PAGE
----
“The [European] Union must continue to reinforce its role as a global player, making EU defence and security a priority and European sovereignty in defence the ultimate objective” Hilde Vautmans MEP
For Vautmans, the EU’s move towards strategic autonomy is of the utmost importance. She said it is being developed with a “smart and non-competing approach” with regard to NATO’s established capabilities. The EU and NATO also have a series of cooperation agreements in areas such as cyber defence and military mobility, enabling stronger deterrence capabilities.
Though Vautmans stressed that NATO will remain Europe’s main security and defence partner, she added “it is clear, more than ever, that the Union must continue to reinforce its role as a global player, making EU defence and security a priority and European sovereignty in defence the ultimate objective.”
Fellow NATO delegation deputy, Geoffrey Van Orden, highlighted the pivotal role of NATO in Europe’s history, particularly those of the US, UK, Germany and other transatlantic allies in deterring the nuclear and conventional threats from the Soviet Union. “This was in spite of prolonged campaigns of subversion within our societies as well as moments of high military tension, such as the construction of the Berlin Wall, and the Cuban missile crisis.”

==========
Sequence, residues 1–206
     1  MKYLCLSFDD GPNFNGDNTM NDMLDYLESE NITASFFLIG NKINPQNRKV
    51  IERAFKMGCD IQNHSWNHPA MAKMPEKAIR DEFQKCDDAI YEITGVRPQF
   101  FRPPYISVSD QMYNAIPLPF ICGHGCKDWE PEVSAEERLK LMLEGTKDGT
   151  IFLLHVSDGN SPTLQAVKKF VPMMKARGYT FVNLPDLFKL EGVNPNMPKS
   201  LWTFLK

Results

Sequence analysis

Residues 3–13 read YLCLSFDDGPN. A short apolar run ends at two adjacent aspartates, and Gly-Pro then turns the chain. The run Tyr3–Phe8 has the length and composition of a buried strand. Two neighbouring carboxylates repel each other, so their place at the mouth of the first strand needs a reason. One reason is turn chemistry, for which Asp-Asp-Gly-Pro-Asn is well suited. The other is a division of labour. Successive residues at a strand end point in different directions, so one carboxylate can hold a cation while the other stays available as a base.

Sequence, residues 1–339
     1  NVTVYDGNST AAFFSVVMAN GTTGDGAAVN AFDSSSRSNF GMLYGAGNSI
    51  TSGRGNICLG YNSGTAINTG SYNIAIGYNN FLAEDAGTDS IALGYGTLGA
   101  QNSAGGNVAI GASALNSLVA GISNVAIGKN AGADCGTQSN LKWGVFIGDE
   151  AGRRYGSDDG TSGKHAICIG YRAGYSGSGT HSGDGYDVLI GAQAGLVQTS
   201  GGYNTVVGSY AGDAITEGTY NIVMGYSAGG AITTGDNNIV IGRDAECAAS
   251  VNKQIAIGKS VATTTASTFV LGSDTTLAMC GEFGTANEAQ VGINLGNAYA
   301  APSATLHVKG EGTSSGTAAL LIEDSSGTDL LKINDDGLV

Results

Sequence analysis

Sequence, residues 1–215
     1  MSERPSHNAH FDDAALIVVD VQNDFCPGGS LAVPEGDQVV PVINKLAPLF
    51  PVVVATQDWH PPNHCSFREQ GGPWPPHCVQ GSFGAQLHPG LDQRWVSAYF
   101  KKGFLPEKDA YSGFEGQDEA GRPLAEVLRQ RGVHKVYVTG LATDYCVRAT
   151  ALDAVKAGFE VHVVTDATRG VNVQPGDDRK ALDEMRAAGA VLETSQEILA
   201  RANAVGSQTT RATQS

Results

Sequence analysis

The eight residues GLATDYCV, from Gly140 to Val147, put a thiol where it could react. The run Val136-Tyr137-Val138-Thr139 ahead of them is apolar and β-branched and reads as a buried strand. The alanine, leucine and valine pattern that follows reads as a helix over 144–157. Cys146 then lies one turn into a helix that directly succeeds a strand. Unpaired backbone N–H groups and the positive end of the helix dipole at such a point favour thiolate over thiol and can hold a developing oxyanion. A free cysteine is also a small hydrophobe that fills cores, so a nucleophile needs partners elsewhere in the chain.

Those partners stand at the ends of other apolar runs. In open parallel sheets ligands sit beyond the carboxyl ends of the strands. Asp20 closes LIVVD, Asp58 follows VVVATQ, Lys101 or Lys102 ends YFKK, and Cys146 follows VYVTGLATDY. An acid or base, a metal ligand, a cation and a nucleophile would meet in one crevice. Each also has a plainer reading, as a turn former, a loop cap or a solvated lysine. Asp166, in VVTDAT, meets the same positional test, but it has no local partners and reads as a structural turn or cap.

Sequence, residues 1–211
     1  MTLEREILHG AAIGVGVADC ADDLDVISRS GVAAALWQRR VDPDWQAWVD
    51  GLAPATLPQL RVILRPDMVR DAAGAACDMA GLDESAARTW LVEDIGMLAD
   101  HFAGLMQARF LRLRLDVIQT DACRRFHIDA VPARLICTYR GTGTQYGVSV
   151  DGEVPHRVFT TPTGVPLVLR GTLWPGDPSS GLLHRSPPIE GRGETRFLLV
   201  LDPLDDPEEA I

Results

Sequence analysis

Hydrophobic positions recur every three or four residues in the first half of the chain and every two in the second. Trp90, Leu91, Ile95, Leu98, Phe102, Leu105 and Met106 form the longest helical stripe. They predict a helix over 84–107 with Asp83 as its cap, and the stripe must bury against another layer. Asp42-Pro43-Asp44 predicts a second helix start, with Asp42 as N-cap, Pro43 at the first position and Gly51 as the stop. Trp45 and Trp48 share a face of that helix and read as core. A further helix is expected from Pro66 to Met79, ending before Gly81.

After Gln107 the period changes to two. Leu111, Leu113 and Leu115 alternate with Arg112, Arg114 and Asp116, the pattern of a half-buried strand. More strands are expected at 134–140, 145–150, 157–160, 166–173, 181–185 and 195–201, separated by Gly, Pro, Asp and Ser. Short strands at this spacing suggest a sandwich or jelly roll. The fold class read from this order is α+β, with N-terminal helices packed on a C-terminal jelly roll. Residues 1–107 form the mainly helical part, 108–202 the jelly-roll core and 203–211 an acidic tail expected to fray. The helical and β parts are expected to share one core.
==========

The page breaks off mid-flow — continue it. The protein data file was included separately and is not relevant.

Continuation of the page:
However, the former army officer accepts that, despite its success, NATO has been tested in recent years, including being engaged in demanding counter-terrorist operations, most notably in Afghanistan. Van Orden pointed out that more subtle threats were emerging, such as cyber-attacks, the use of chemical weapons, missile proliferation, the weaponisation of space, maritime ‘provocations’ and campaigns of disinformation and fake news, exploiting social media.
“[The UK] will now have to play an even stronger role, both encouraging European allies and reassuring the United States, in the revitalisation of NATO” Geoffrey Van Orden MEP
He said, “This comes at a time when so many citizens of the democracies take peace and freedom for granted, others doubt our democratic institutions and there is reluctance to divert scarce public resources to defence.”
But Van Orden did not share Vautman’s confidence in an ever-growing separate EU military dimension, warning. “This can only create division between the US and its continental European allies, precisely at a time when western solidarity is needed more than ever.”
Commenting on the UK’s post Brexit relationship with the EU, Van Orden said, “The United Kingdom, Europe’s most powerful military power, will now have to play an even stronger role, both encouraging European allies and reassuring the United States, in the revitalisation of NATO, the primary instrument for the defence of the West and its values.”